- Reuters/Pascal Lauener
On Monday, Yahoo agreed to sell its core internet business to Verizon for $4.8 billion, putting an end to its 20-year history as a standalone company.
The sale to Verizon drew nostalgic responses from Wall Street investors, including RBC Capital, which characterized the deal as an “ignominious end for Yahoo, which used to be the Facebook or Google of the internet circa 1999.”
But despite the death-knell-ringing headlines, Yahoo’s tumultuous storyline is far from reaching its end.
The company’s internet products will continue to serve its billions of users, while its management still has a lot of work to do to figure out how to monetize its shares tied to Yahoo Japan and Alibaba, the crown jewels of Yahoo’s remaining assets.
Here’s a rundown of what to expect from Yahoo moving forward:
Yahoo’s core products: Yahoo’s core products will continue to exist under Verizon’s ownership. It may shut down some portals and smaller properties, but Yahoo’s focus on growing its search, mail, and various content verticals, like sports and finance, to create a bigger advertising platform will remain the same.
“For Verizon, this combination should create a powerful rival to Google and Facebook in mobile media, and an open, scaled alternative offering for advertisers and publishers. The Verizon/AOL/Yahoo combination will have more than 25 brands in the portfolio,” market research firm Cantor Fitzgerald wrote in a note.
Yahoo’s remaining assets: Once the Yahoo-Verizon deal is completed, Yahoo’s remaining assets, largely comprising its stake in Alibaba and Yahoo Japan, will be owned by a renamed publicly traded company. Its ownership stake in those two companies is worth $40 billion, but expect it to trade at a slight discount given the complexity in cashing out its value.
Yahoo Japan shares: The next logical step is for the remaining company, called Remain Co. for now, to find a way to monetize its Yahoo Japan stake. The most logical buyer would be Softbank, which already owns 43% of Yahoo Japan. But Softbank recently spent $32 billion to buy ARM, so a deal might be unlikely in the near term, according to SunTrust analyst Bob Peck.
If it can’t find a buyer, Remain Co. could cash out Yahoo Japan shares by issuing dividends or selling it in the open market, but tax issues and selling pressure could reduce its return, Peck says.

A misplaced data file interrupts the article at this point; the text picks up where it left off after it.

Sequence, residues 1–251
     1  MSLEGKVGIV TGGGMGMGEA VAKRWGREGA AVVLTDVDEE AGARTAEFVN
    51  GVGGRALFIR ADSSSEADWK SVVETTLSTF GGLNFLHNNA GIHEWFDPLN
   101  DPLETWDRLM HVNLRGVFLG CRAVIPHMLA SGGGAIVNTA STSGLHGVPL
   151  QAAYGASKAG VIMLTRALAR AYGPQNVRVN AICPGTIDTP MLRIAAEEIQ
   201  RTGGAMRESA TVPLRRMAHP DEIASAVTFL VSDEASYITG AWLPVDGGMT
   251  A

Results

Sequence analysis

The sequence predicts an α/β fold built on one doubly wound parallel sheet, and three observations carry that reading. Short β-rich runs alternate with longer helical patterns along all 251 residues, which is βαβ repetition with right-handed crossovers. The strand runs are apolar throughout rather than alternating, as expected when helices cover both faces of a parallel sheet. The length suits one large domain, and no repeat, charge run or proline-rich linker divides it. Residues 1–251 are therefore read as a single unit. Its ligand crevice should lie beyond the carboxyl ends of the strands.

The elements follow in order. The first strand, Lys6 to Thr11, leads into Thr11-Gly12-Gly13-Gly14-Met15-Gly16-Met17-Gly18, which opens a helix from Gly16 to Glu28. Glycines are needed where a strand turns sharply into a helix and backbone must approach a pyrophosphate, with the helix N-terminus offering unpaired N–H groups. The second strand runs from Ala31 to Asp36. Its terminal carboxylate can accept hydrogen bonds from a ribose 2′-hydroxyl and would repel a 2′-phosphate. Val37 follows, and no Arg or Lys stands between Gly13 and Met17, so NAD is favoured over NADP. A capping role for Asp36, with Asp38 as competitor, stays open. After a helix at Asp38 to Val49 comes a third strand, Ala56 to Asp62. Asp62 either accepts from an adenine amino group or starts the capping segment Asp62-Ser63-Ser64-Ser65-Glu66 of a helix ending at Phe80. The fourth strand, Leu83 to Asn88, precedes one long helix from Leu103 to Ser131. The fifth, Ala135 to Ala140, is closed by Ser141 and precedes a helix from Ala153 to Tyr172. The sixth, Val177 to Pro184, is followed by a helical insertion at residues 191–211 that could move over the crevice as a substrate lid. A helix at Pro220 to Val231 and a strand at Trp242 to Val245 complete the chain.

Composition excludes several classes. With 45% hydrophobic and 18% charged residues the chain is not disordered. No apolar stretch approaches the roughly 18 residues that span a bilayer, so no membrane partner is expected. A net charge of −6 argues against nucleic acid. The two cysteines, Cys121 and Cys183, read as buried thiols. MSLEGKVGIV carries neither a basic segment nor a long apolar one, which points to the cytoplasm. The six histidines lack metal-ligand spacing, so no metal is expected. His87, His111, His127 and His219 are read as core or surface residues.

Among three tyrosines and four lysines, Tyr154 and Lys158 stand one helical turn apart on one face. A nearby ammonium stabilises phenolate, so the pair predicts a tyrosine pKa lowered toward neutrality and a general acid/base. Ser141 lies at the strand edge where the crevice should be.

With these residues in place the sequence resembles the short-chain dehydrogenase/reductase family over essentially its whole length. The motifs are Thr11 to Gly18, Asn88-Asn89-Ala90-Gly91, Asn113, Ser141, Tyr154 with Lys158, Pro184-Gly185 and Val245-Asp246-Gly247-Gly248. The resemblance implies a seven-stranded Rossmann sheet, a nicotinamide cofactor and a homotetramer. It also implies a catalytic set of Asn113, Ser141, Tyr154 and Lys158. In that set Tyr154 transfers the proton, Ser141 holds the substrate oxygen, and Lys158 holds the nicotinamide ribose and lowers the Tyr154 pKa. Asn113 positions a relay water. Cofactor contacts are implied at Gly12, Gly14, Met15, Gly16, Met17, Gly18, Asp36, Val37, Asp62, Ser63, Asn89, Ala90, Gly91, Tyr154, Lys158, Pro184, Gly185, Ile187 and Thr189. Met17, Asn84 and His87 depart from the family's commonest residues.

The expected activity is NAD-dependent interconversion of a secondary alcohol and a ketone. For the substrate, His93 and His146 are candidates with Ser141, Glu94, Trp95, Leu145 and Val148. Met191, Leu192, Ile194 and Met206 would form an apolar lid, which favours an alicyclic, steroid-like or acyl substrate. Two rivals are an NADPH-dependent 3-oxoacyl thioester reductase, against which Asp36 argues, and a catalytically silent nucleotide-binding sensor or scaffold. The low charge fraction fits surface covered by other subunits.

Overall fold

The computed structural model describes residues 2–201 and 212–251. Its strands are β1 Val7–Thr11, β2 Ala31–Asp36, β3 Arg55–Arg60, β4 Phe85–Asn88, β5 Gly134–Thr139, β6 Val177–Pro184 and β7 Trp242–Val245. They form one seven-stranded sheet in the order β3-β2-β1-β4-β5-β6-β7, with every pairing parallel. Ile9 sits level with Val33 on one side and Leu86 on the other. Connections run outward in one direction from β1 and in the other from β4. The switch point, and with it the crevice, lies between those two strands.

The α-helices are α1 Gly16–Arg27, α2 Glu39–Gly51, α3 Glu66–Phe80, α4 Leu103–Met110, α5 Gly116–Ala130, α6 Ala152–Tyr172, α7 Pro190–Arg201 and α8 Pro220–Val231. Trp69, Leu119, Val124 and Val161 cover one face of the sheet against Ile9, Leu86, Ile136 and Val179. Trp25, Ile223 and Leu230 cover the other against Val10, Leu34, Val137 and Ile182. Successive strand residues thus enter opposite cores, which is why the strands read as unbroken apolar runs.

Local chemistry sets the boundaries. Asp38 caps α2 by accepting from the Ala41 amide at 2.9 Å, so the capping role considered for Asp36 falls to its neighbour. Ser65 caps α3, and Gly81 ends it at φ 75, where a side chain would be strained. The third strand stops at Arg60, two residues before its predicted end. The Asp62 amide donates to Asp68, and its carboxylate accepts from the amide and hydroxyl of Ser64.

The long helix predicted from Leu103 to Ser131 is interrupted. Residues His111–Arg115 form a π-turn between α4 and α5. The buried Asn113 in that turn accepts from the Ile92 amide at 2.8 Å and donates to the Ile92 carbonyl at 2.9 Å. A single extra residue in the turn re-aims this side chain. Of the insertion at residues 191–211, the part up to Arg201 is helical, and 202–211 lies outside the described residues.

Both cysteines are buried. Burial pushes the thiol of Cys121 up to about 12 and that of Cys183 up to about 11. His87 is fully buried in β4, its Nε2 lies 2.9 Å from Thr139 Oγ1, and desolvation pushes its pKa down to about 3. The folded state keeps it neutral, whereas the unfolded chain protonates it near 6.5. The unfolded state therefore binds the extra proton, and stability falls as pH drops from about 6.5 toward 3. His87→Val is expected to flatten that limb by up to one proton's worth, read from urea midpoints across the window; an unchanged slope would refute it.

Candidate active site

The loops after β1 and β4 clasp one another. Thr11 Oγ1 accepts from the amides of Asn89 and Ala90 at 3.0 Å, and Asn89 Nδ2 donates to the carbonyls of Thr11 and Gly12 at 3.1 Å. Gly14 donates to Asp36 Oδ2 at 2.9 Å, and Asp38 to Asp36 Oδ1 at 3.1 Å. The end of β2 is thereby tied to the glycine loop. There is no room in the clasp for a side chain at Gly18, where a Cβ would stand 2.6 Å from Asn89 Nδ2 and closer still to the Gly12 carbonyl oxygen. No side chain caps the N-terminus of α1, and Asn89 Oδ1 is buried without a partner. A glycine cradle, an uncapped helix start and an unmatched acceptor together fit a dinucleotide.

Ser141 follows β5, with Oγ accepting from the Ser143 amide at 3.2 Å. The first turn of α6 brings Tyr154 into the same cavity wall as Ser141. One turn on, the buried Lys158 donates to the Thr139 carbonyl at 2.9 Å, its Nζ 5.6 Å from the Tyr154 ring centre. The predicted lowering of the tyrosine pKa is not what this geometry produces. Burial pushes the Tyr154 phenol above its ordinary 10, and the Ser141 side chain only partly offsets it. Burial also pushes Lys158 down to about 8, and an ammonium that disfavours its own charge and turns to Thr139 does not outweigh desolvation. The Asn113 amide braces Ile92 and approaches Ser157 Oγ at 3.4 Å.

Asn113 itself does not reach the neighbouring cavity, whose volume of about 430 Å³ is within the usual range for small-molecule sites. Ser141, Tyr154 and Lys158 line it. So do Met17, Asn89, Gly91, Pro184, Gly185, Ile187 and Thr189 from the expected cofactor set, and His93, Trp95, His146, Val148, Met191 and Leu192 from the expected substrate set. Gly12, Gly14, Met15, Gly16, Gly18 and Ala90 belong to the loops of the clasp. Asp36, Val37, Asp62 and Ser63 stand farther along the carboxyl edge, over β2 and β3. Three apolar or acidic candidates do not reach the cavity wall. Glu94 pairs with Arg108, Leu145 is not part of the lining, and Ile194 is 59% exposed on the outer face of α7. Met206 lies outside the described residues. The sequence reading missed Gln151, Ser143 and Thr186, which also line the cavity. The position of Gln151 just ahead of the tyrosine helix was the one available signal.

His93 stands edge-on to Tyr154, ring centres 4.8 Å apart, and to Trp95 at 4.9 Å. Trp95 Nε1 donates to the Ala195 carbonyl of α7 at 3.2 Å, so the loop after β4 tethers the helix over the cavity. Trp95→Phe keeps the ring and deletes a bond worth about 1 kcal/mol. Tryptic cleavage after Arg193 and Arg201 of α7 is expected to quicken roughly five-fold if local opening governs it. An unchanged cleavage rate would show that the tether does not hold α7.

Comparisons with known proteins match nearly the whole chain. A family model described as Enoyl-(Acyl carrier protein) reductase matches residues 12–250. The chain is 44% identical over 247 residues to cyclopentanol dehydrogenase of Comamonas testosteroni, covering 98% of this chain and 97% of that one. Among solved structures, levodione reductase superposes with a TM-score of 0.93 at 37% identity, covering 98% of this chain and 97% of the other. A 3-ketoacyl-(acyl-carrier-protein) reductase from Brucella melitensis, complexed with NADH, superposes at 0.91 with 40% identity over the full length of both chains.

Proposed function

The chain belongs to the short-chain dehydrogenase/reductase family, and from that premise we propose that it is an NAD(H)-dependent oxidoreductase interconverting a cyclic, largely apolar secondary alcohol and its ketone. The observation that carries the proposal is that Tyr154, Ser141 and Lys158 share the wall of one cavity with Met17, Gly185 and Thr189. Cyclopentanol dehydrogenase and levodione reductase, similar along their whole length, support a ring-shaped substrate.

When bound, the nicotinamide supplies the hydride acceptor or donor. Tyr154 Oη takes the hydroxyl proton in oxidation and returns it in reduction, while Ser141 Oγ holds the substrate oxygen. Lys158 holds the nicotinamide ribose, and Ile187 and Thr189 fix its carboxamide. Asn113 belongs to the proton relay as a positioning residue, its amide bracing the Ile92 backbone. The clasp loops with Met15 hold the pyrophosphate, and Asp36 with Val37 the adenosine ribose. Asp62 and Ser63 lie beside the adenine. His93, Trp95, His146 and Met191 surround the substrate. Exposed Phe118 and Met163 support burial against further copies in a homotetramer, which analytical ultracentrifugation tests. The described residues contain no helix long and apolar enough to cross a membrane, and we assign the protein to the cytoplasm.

Alibaba assets: Once Remain Co. separates all Yahoo Japan shares and is left with only Alibaba shares, it could be sold to another company without incurring any taxes for Yahoo, according to Peck. The most likely buyer would be Alibaba.
The problem is Remain Co. – then basically an Alibaba subsidiary holding its own shares – could be treated as a “hook stock” that entitles the company to getting taxed twice.
Yahoo’s management also indicated on Monday that Remain Co. plans to hold on to its Alibaba shares “indefinitely” until it finds a way to sell it in a tax-free way.
Leadership: Yahoo’s core under Verizon will be led by AOL CEO Tim Armstrong. It’s unclear what role Yahoo CEO Marissa Mayer will play, although she said she plans to stay with the company.
For Remain Co., it’s unclear how it will be managed. Since it’s simply a holding company, it won’t need much day-to-day operations help, but it will need a final decision-maker on any transactions. It is assumed that Yahoo’s current board will make those decisions, in which case, Mayer, who’s on the board, will continue to be part of it.
Financials: Verizon stopped disclosing AOL’s financials post-acquisition, so it’s likely that Yahoo will also stop reporting its numbers every quarter once the deal is complete.
Workforce: Yahoo’s in the middle of a 15% workforce reduction plan that will lay off roughly 1,600 people by the end of the year. But Mayer said she could revisit the layoff plan “through the strategic alternative process,” and given that Yahoo has a new owner, it could announce additional job cuts after the deal is complete.
Peck estimates that Yahoo could cut an additional 40% of its workforce under Verizon to cut all the overlapping positions, especially in sales and general operational jobs, which would help save almost $2 billion.